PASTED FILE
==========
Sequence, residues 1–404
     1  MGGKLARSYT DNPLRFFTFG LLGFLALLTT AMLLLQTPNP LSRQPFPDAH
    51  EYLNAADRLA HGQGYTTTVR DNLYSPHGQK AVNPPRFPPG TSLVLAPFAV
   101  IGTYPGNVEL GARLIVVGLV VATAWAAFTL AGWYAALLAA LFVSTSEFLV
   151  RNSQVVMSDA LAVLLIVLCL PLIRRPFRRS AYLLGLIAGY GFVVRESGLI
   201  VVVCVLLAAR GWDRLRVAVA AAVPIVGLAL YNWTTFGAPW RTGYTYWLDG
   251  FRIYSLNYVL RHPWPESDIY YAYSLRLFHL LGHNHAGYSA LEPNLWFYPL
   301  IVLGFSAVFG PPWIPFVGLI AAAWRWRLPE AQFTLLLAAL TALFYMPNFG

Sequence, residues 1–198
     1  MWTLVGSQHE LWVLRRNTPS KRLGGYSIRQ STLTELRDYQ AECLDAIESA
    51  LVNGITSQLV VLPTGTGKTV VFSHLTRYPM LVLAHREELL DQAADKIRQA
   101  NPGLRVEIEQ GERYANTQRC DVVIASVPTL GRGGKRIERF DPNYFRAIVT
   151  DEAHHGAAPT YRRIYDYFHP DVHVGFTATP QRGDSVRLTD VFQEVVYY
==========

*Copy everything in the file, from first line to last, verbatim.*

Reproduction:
Sequence, residues 1–404
     1  MGGKLARSYT DNPLRFFTFG LLGFLALLTT AMLLLQTPNP LSRQPFPDAH
    51  EYLNAADRLA HGQGYTTTVR DNLYSPHGQK AVNPPRFPPG TSLVLAPFAV
   101  IGTYPGNVEL GARLIVVGLV VATAWAAFTL AGWYAALLAA LFVSTSEFLV
   151  RNSQVVMSDA LAVLLIVLCL PLIRRPFRRS AYLLGLIAGY GFVVRESGLI
   201  VVVCVLLAAR GWDRLRVAVA AAVPIVGLAL YNWTTFGAPW RTGYTYWLDG
   251  FRIYSLNYVL RHPWPESDIY YAYSLRLFHL LGHNHAGYSA LEPNLWFYPL
   301  IVLGFSAVFG PPWIPFVGLI AAAWRWRLPE AQFTLLLAAL TALFYMPNFG

Sequence, residues 1–198
     1  MWTLVGSQHE LWVLRRNTPS KRLGGYSIRQ STLTELRDYQ AECLDAIESA
    51  LVNGITSQLV VLPTGTGKTV VFSHLTRYPM LVLAHREELL DQAADKIRQA
   101  NPGLRVEIEQ GERYANTQRC DVVIASVPTL GRGGKRIERF DPNYFRAIVT
   151  DEAHHGAAPT YRRIYDYFHP DVHVGFTATP QRGDSVRLTD VFQEVVYY